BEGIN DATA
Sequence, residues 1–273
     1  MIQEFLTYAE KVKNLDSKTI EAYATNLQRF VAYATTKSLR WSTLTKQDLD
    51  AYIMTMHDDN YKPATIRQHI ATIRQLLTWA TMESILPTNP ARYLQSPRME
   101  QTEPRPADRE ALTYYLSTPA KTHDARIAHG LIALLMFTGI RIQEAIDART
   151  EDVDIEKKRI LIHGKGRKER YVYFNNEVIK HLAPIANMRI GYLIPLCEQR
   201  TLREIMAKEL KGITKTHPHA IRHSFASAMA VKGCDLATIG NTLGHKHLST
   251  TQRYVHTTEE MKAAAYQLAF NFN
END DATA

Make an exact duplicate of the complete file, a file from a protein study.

Sequence, residues 1–273
     1  MIQEFLTYAE KVKNLDSKTI EAYATNLQRF VAYATTKSLR WSTLTKQDLD
    51  AYIMTMHDDN YKPATIRQHI ATIRQLLTWA TMESILPTNP ARYLQSPRME
   101  QTEPRPADRE ALTYYLSTPA KTHDARIAHG LIALLMFTGI RIQEAIDART
   151  EDVDIEKKRI LIHGKGRKER YVYFNNEVIK HLAPIANMRI GYLIPLCEQR
   201  TLREIMAKEL KGITKTHPHA IRHSFASAMA VKGCDLATIG NTLGHKHLST
   251  TQRYVHTTEE MKAAAYQLAF NFN